My husband has been talking about taking an RV trip down the East Coast for years now. He’s slightly obsessed with the idea of packing up the kids and the dogs and heading off on a Great Adventure. In theory, it sounds quite lovely. But in reality, I’m not so sure.
For starters, I get super antsy anytime I’m in a “mode of transportation” for more than 2-3 hours. Five hours is definitely my max, so we’d have to break the trip up quite a bit. Secondly, our dogs have never traveled with us longer than a 15-minute car ride to the dog park. So I have no idea how they’d fair on a weeks-long journey with all of us.
To bide my time, I’ve offered up the idea of taking the dogs camping this summer. Or, glamping – because he hates camping. This way, if the dogs hate it, we won’t be too far from home. And if they love it? Well then, I guess my husband is going to be planning our 2018 vacation immediately afterward.
All of this talk about traveling with our pets got me thinking, so I reached out to Travis Brorsen, one of the most sought after dog trainers in America today, again to see what he had to say about the topic. As you may remember, he shared his Summer Safety Tips For Dogs with us earlier this month. Below are his Top Tips For Traveling With Your Dog so that they can be safe no matter where they go this summer!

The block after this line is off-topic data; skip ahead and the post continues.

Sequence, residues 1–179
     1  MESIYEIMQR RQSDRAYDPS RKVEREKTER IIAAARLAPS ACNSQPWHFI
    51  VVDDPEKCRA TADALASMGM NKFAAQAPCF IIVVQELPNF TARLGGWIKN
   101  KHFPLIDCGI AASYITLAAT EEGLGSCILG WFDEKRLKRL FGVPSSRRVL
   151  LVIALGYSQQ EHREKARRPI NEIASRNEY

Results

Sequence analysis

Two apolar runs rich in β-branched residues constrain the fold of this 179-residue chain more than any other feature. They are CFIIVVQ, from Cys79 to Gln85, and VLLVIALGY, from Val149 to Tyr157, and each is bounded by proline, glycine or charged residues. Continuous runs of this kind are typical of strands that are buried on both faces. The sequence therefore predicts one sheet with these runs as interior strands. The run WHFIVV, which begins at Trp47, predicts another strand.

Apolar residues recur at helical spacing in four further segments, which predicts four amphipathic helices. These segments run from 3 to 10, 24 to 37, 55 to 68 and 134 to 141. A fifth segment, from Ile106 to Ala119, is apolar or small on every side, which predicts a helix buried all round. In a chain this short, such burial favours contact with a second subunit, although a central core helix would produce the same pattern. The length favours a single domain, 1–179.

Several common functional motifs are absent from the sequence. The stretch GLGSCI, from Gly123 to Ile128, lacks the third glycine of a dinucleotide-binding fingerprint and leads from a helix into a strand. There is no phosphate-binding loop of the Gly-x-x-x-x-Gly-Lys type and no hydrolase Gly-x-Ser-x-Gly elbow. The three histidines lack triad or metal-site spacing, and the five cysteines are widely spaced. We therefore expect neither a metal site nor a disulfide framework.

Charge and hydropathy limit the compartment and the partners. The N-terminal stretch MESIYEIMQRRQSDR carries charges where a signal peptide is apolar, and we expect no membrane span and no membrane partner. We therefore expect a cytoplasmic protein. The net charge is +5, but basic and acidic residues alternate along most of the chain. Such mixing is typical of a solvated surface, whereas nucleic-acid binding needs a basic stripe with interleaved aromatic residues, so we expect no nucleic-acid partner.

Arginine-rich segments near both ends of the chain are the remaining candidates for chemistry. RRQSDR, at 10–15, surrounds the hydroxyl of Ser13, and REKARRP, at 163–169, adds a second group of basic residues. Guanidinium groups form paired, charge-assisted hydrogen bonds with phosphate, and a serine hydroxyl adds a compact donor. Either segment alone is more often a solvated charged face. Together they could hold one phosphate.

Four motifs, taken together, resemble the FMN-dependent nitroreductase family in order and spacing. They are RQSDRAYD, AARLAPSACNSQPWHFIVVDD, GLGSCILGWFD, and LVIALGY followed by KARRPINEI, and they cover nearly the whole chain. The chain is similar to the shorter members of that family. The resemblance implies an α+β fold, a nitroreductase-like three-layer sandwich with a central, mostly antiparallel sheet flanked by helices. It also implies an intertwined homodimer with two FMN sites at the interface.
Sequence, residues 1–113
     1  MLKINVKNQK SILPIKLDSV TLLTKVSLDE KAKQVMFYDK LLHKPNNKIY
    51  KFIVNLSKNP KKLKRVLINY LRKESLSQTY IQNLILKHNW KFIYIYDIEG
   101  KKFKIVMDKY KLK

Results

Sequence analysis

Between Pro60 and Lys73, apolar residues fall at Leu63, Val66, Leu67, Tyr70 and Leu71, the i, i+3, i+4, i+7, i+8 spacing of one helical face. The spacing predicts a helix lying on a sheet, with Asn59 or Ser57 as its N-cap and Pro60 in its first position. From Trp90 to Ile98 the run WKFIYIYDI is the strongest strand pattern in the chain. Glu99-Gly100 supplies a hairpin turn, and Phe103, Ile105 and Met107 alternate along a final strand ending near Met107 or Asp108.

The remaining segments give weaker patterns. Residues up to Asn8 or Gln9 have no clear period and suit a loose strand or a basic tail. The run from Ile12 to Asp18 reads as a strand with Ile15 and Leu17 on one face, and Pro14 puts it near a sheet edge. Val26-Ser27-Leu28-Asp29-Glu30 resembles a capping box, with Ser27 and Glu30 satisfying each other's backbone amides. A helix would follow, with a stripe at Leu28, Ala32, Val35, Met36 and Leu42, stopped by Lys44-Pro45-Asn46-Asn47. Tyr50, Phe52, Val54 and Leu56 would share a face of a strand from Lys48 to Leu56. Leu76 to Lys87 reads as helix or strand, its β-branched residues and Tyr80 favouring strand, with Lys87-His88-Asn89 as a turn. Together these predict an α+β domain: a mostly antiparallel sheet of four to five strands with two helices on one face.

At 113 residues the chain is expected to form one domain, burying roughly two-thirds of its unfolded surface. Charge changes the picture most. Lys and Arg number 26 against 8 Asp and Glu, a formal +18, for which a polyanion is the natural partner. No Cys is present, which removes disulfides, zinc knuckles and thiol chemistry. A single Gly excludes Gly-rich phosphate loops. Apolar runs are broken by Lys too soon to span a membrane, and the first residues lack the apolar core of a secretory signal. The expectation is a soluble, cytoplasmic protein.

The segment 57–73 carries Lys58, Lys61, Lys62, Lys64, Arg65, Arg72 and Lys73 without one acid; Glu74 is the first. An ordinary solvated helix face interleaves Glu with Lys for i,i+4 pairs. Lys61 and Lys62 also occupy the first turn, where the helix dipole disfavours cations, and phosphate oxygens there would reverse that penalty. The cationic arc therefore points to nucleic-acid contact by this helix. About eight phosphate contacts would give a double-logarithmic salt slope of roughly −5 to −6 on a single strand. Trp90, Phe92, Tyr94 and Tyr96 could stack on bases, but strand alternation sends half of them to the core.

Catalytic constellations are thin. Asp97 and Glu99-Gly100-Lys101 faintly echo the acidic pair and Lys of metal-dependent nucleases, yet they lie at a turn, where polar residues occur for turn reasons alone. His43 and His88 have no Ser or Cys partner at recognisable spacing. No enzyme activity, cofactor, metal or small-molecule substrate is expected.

Top Tips For Traveling With Your Dog
If you happen to be flying this summer and taking your dog along for the ride, make sure to follow these travel tips before your flight:
- Try to travel in the morning
- No food or water four hours before departing
- Multiple potty breaks before getting to the airport
- Keep the dog on the floor or in a crate safely in the cabin and/or with a seat belt harness
2.) Dogs on Boats
If you will be heading out on the water, it’s important to treat your dog just like any other passenger on a boat. Make sure to keep these safety tips in mind:
- Use a life jacket for safety, even if your dog knows how to swim
- Make sure you get them to land to stretch their legs often
- Have plenty of water available at all times. Fresh water, not lake or ocean water!
3.) Canines in Cars
If you are simply taking a road trip, never ever leave your dog in a parked car. It doesn’t matter if it’s just for a few minutes or even parked in a shady area. The temperature in a car can exceed 160 degrees within minutes which is the equivalent of putting your dog in a microwave. When in doubt, leave your loveable pooch at home in the AC. Here is what you should do if you happen to see a dog in a hot car:
- Take down the car’s make, model and license-plate number.
- If you can, notify local business or call 311 in NYC
- Monitor the dog until help arrives
Remember, your dog is as much part of your family as anyone else and deserves the proper care and consideration. Taking them along on any outing can add to the fun unless you neglect to take the proper steps.
For more information and helpful tips visit www.greatestamericandogtrainers.com.
Have you ever traveled with your dog? Tell us about it!
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